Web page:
[N]either the Administration nor the telecoms need apologize for actions that most people, except for the ACLU and the trial lawyers, understand were Constitutional and appropriate in the wake of the attacks on September 11, 2001.

    What they said is not that their actions were constitutional. They’re saying that most people understand them to have been/i> constitutional. Which may well be true, but in theory it doesn’t matter before the law.

  23. Congratulations, Mr. McCain. You’re well on your way to exceeding Arch-Traitor Bush as a threat to America.

  24. In a strict sense, the Founding Father could be considered terrorists, from the view of the British Crown, at any rate. Or treasonous scum, at any rate. The boston tea party was hardly the same as a suicide bombing.

    Their lesson was: if you don’t like your government, change your government. But then, it seems most americans honestly believe Saddam Hussein was in cahoots with Al qaeda and planned 9/11 because Bush told them so. I mean why would the President lie to them about their safety?

  25. C’mon. Now, I’m no lover of McCain, but really…. If you asked him if he supported “illegal warrantless wiretapping” (as you put it), you must be confident that he’d reply in the negative.

    Perhaps you need to make a more solid case for why you think it MIGHT BE illegal (even though it hasn’t been JUDGED illegal by our courts), and have a discussion about that before coloring his position as outright illegal. And then try to prosecute it sucessfully.

    Really, it’s only “illegal” in your opinion, right? Not in the true, legal sense.

    Hyperbole doesn’t really help here, I’m sorry to say.

  26. (even though it hasn’t been JUDGED illegal by our courts)

    It’s judged illegal in law, isn’t it? It hasn’t been tested by court case, granted.

    But the Constitution denies the idea of search without warrant, and this is what wiretapping without warrant amounts to.

  27. “except for the ACLU and the trial lawyers”

    …and a large majority of the voters.

    As he will find in November.

  28. #29 the whole source of the problem was people deciding that IN THEIR OPINION, such-and-such was legal, regardless of what Congress says, regardless of the law says, regardless of what the Constitution says. If the president says something is legal, then by definition it’s legal.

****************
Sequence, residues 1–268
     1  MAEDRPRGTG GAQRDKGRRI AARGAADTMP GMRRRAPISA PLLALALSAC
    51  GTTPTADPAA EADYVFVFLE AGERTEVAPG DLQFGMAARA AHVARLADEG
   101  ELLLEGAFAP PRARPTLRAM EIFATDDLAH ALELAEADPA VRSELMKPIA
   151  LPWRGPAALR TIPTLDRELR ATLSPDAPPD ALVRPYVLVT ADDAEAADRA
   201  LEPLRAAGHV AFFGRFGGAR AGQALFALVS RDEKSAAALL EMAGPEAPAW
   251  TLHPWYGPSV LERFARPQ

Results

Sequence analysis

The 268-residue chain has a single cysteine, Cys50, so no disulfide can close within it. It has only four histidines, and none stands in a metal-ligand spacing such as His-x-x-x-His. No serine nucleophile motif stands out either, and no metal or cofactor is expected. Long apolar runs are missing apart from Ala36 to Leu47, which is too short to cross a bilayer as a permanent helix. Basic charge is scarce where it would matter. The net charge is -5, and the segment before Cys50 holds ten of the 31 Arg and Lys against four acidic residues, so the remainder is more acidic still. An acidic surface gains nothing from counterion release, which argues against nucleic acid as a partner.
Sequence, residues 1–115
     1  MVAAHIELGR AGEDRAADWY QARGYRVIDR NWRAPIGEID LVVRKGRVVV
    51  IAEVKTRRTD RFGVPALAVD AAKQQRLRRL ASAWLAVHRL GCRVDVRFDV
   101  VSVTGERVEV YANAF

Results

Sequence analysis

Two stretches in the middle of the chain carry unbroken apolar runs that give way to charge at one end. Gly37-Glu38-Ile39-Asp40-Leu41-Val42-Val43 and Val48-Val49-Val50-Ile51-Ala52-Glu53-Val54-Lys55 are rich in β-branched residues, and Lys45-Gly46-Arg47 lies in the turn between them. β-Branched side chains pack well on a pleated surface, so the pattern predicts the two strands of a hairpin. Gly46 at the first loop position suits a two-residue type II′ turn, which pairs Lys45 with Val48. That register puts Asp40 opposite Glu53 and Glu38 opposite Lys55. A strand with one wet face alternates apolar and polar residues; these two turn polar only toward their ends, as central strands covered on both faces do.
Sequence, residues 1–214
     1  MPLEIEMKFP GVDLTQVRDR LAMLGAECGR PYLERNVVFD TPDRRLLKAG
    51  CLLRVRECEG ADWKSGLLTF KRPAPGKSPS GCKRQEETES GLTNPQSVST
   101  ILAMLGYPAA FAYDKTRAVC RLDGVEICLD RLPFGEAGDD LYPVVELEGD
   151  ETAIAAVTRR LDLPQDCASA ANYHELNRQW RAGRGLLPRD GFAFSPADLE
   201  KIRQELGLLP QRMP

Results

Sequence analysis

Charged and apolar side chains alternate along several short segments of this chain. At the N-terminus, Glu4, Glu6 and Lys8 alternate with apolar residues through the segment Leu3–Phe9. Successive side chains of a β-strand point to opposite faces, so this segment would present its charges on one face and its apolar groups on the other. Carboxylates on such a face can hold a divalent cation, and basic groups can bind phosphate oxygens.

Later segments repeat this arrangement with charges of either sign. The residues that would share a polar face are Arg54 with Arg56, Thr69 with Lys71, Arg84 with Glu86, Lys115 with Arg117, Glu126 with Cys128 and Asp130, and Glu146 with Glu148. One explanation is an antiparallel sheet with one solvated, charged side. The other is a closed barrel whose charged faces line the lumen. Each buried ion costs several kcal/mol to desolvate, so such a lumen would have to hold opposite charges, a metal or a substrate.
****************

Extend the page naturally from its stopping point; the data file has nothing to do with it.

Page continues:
So I share your concern that people hold the misconception that their personal opinions allow them to define what is and isn’t illegal.

  29. “I do solemnly swear (or affirm) that I will faithfully execute the office of President of the United States, and will to the best of my ability, preserve, protect and defend the Constitution of the United States.”

    well in that case, if he becomes president, he can’t take the oath… he can’t say that we’ll ignore it to defend it… otherwise what is the whole point of having a constitution to defend? Bush managed to completely blow the moral high ground when he made those decisions…

  30. McCain hasn’t vowed to continue anything. Wired spun this one badly. I’m not a Republican or a McCain supporter (pretty apathetic about politics, actually), but a lot of the remarks I’ve seen so far are pretty out there.

    I’m restoring the part that Wired excised:

    [N]either the Administration nor the telecoms need apologize for actions that most people, except for the ACLU and the trial lawyers, understand were Constitutional and appropriate in the wake of the attacks on September 11, 2001. Senator McCain has never stated, nor does he believe that telecoms should only receive retroactive immunity in exchange for congressional testimony about their actions.

    I like how Wired removed the part about “retroactive immunity” to make it look like McCain is referring to the present. McCain believes the telecoms should have retroactive immunity from what they did post-9/11. He’s toeing the party line. Nothing about future policy or immunity.

    We do not know what lies ahead in our nation’s fight against radical Islamic extremists, but John McCain will do everything he can to protect Americans from such threats, including asking the telecoms for appropriate assistance to collect intelligence against foreign threats to the United States as authorized by Article II of the Constitution.

    “Appropriate” could always mean “with a warrant”, could it not? And perhaps McCain interprets Article II differently than Bush. Let the voters decide.

    Every time someone posits “What would the founding fathers have done?” I think of what likely happened to people suspected of being British spies. It probably wasn’t nice.

  31. @36

    If he meant that wiretaps should only be carried out with a warrant, why didn’t he say so? The fact that he defaulted to “doing everything he can to protect us from the terrorists” indicates he didn’t want to be on record saying wiretaps require warrants.

    Further – as you point out, he said

    “Senator McCain has never stated, nor does he believe that telecoms should only receive retroactive immunity in exchange for congressional testimony about their actions.”